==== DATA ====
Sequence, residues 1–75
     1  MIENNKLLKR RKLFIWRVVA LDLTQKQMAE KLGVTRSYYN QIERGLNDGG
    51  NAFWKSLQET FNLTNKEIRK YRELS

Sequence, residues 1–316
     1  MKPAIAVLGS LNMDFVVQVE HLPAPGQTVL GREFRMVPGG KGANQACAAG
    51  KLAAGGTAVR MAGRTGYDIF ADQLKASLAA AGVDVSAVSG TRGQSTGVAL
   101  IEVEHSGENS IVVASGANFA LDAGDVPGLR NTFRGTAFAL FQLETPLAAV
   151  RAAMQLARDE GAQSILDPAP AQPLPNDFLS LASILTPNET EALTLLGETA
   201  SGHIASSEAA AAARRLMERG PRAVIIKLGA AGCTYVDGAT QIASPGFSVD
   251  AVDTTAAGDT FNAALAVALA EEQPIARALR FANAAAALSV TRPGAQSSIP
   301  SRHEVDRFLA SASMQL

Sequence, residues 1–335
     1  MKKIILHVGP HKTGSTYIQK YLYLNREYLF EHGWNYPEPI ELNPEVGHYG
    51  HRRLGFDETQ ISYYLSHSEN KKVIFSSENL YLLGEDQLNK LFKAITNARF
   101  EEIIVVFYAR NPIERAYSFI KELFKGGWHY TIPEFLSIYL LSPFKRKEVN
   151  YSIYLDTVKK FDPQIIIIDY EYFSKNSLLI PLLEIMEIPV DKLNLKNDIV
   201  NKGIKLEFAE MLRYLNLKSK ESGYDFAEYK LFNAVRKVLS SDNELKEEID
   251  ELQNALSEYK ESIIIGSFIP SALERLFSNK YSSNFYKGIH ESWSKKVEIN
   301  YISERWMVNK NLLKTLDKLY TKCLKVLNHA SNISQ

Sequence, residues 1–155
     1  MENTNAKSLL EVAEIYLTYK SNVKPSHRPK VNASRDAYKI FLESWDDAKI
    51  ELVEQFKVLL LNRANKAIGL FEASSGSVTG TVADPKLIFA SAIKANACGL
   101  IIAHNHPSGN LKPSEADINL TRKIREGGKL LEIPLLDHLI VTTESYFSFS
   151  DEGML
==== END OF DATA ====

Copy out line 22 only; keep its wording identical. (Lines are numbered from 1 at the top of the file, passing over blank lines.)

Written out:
    51  ELVEQFKVLL LNRANKAIGL FEASSGSVTG TVADPKLIFA SAIKANACGL